Below are blog entries from May, 2006. Use the links in the left column to do a quick search of blog entries, or to see blog entries from other months. And feel free to use the "Comments" links under each blog entry to reply to us; your comments just might end up in our Boston restaurant blog! (Note: This page is part of our restaurant features section.)
Monday, May 29, 2006
More Restaurants Near Acadia National Park
Every Memorial Day, I head up to Acadia National Park in Maine, sometimes with a big group, and other times with just one or two people. This year, there were a few of us up there, enjoying the beautiful weather that settled over New England just in time for the weekend.
On Friday, we headed up Route 95, then down Route 1A, stopping in Ellsworth for lunch. We hit the Riverside Cafe, a neat little breakfast and lunch spot in the center of town. Ellsworth has several decent-looking restaurants along its main street, but the Riverside Cafe looked pretty inviting, and it did turn out to have good food, including excellent Hungarian beef soup and a very good pastrami sandwich.
After spending the afternoon along the Ocean Loop in Acadia National Park, we headed to the Lompoc Cafe, which is one of our favorite restaurants in Bar Harbor. Hidden on the back streets of this funky tourist town, the Lompoc is nevertheless a popular spot (especially with locals and college students), and for good reason; everything here is fresh and healthy, including the excellent chicken and white bean burrito, the persian plate, and the goat cheese salad. And the beer selection at the Lompoc is top notch, with such outstanding beverages as Coal Porter and Bar Harbor Real Ale. Oh, and there is a bocce court on the premises, which is a very nice touch. After the Lompoc, we headed over to Ben and Bill's Chocolate Emporium to get some tasty ice cream (which we would repeat the following night).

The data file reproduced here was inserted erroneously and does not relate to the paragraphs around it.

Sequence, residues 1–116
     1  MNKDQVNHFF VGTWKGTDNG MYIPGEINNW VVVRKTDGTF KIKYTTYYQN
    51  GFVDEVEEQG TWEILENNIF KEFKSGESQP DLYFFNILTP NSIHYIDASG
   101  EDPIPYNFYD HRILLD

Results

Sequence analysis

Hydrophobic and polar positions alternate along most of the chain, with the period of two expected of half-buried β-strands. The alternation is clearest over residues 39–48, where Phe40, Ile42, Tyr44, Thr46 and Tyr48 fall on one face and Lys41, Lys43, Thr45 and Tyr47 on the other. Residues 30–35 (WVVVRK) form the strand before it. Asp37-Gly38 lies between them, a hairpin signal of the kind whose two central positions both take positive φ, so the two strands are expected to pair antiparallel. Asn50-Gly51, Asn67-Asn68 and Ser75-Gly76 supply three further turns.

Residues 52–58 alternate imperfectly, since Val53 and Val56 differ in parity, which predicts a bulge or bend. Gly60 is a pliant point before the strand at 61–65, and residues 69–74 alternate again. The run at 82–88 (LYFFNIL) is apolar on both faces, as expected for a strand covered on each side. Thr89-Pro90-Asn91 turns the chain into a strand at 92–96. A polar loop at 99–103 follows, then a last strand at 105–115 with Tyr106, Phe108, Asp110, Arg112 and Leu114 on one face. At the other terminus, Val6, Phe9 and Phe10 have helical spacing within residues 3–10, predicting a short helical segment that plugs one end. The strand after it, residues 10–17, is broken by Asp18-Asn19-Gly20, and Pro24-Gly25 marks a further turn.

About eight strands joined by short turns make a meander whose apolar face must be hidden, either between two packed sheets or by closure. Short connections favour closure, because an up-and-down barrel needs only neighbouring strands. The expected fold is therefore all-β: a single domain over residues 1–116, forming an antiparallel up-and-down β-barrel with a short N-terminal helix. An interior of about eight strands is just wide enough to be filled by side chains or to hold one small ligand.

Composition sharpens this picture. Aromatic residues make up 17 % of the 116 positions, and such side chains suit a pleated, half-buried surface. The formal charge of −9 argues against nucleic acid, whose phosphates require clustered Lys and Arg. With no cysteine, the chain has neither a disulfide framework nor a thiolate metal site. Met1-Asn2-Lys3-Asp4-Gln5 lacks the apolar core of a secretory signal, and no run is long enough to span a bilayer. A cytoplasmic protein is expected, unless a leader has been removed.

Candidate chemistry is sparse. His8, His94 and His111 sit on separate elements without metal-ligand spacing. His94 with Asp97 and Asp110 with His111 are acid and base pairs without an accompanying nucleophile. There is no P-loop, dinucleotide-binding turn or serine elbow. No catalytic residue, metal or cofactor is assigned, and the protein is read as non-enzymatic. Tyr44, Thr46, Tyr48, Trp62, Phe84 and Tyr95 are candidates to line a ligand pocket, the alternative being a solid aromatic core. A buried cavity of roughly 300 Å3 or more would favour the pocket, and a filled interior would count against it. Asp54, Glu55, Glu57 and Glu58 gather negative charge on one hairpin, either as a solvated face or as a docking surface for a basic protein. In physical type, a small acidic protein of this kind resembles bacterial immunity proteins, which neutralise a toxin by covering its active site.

On Saturday morning, I took a walk around sleepy little Northeast Harbor, where we stay every year, then we headed back to Bar Harbor for breakfast at Jordan's Restaurant, which is a wildly popular breakfast and lunch spot in the center of town. Jordan's is friendly, quick, and cheap--three important qualities in a breakfast place, for sure. After leaving Jordan's, we headed to Thunder Hole to watch the waves and soak up some sun, then strolled the gardens at the Asticou Inn before heading to lunch at the Docksider Restaurant in Northeast Harbor. The Docksider has always been one of my favorite seafood shacks in New England, and it did not disappoint; the steamers, tuna, chicken, and other dishes were all delicious, and the ice cream wasn't bad, either.
After a pleasant afternoon spent at Pretty Marsh (we didn't see any marsh there, but it WAS pretty) and Eagle Lake, both in Acadia National Park, we went back to Bar Harbor one last time to try another restaurant on the back streets of Bar Harbor called Mama DiMatteo's. This restaurant was a dream come true, with amazing dishes such as macaroni and cheese with fresh lobster meat and veal ravioli with prusciutto. I'm not sure whether I liked the Lompoc Cafe or Mama DiMatteo's better (they are within shouting distance of each other, by the way), but I can't think of too many other places I'd rather go to in Bar Harbor then these two restaurants.
Monday morning came too fast as usual, and after a good breakfast at The Main Sail within the Kimball Terrace Inn in Northeast Harbor, it was time to hit the road. We took Route 1, which is the coastal route, through Camden, Rockland, and several other coastal towns, stopping at the incomparable Moody's Diner along the way. Moody's Diner, which is located in the small town of Waldoboro (a few miles east of Damariscotta and Wiscasset), is one of the best diners in New England, and surely one of the most popular. This classic diner has been around since the 1920s, and is part of a complex that includes a motel and a gift shop. Our meals there were very satisfying, and very easy on the wallet.